How Jacqueline switched from tube train driver to top scientist
A Brighton graduate who started work life as a tube train driver has been made a Fellow of one of the world’s most prestigious science programmes.
Jacqueline Campbell graduated with an Earth and Ocean Sciences degree from the University of Brighton’s School of Environment and Technology in 2016 and later won a PhD studentship at UCL where she is studying planetary science.
She has now been appointed one of just 22 Fellows on the Schmidt Science Fellows programme which aims “to give the world’s best aspiring scientific minds a broader perspective, the ability to engage in an interdisciplinary way, and the opportunity to make a lasting impact in society”. It encourages emerging scientists to develop novel solutions to society’s challenges and to become “scientific and societal thought leaders and accelerate ground-breaking discoveries”.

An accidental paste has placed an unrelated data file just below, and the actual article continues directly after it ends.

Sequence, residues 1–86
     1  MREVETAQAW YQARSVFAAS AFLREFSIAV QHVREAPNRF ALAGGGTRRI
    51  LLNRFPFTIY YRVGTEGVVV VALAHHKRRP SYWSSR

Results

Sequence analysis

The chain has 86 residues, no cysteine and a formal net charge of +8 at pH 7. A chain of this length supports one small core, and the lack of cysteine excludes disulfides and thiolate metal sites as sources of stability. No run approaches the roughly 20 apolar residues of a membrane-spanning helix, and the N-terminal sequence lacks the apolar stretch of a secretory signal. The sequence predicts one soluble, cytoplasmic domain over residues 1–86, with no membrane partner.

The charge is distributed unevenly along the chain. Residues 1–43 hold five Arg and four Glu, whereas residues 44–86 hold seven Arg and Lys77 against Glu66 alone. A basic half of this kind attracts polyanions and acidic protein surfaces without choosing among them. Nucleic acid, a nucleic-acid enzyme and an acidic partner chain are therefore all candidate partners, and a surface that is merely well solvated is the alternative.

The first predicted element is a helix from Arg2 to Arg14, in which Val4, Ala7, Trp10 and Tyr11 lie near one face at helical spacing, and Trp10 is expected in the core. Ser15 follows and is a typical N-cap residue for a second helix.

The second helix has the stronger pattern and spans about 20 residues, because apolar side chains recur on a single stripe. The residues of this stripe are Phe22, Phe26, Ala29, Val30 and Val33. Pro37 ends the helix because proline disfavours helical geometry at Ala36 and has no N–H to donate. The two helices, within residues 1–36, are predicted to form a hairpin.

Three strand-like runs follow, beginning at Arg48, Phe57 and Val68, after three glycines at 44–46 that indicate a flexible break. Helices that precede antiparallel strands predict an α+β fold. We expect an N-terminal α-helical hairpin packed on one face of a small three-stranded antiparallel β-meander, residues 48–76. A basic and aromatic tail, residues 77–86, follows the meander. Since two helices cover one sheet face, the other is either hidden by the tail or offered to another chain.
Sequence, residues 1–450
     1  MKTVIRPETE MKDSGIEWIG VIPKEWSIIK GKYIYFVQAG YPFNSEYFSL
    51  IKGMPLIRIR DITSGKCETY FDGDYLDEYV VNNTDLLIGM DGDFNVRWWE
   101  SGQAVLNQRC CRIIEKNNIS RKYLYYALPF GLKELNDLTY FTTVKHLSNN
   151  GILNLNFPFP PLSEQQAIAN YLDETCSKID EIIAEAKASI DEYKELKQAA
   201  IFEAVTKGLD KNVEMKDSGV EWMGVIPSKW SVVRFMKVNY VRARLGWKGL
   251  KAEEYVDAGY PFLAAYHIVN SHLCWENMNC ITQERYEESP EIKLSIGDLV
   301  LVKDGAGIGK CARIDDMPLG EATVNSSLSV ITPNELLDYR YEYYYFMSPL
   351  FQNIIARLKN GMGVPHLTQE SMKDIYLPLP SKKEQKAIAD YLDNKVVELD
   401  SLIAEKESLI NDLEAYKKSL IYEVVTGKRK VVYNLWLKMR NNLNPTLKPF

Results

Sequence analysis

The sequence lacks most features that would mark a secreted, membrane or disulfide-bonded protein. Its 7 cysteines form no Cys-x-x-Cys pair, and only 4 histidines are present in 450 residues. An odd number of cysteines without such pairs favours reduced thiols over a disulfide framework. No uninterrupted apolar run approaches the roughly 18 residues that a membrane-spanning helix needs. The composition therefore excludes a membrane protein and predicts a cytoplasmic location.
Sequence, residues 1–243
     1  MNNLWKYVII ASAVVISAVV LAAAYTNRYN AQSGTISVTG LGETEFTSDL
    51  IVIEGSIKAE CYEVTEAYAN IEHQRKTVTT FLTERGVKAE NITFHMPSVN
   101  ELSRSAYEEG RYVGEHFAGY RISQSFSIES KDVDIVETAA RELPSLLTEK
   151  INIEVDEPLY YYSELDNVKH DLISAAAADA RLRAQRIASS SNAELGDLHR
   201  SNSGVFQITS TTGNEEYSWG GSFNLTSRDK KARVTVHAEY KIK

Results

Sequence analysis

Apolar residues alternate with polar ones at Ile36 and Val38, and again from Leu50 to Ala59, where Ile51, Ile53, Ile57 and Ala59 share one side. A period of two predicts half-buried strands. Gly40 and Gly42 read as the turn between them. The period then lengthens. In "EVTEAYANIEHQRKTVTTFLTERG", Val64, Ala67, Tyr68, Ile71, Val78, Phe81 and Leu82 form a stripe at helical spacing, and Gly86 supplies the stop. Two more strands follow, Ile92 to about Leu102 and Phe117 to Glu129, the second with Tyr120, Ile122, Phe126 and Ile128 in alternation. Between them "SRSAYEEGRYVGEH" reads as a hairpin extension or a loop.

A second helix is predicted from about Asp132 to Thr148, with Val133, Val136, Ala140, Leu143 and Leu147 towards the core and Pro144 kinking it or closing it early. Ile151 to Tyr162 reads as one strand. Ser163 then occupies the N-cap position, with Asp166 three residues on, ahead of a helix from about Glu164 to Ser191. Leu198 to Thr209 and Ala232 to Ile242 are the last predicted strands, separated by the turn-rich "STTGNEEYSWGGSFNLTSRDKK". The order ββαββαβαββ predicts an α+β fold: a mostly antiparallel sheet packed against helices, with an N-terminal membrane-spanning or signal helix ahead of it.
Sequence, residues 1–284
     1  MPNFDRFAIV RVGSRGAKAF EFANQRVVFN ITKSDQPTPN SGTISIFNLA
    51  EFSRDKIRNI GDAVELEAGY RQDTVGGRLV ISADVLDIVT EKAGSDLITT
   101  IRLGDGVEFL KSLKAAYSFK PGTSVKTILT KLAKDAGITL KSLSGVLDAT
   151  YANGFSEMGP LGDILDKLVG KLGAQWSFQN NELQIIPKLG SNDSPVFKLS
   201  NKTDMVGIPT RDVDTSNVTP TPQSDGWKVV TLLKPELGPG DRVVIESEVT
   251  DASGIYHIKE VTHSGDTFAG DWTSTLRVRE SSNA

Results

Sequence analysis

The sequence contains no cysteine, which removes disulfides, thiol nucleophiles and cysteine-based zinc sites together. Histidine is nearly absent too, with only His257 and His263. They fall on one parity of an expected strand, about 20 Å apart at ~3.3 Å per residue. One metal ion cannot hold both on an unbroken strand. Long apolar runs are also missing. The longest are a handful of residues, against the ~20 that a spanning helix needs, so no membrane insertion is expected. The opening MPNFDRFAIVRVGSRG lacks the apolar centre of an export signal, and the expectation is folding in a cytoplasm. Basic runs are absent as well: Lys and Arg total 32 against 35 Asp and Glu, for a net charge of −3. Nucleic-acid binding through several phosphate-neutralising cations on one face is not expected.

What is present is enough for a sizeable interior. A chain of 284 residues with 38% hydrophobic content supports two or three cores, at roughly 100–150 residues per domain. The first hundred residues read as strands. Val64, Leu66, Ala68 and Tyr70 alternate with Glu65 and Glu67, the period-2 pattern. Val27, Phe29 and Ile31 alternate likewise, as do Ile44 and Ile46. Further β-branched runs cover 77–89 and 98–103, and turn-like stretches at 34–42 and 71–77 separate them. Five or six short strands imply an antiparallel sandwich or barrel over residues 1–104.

Jacqueline praised the University of Brighton: “I am very grateful to the University as I started my degree there as a mature student having been a tube train driver and care worker for many years.
“It was a difficult transition into science, made much easier by all the wonderful staff at Brighton.”
Jacqueline plans to go on to study ocean acidification using satellite data, and to make scientific data easier to access and interpret: “The hope is to make a global map anyone can use to find information and data, whether that’s fellow scientists, students, journalists, policy makers or anyone with an interest.”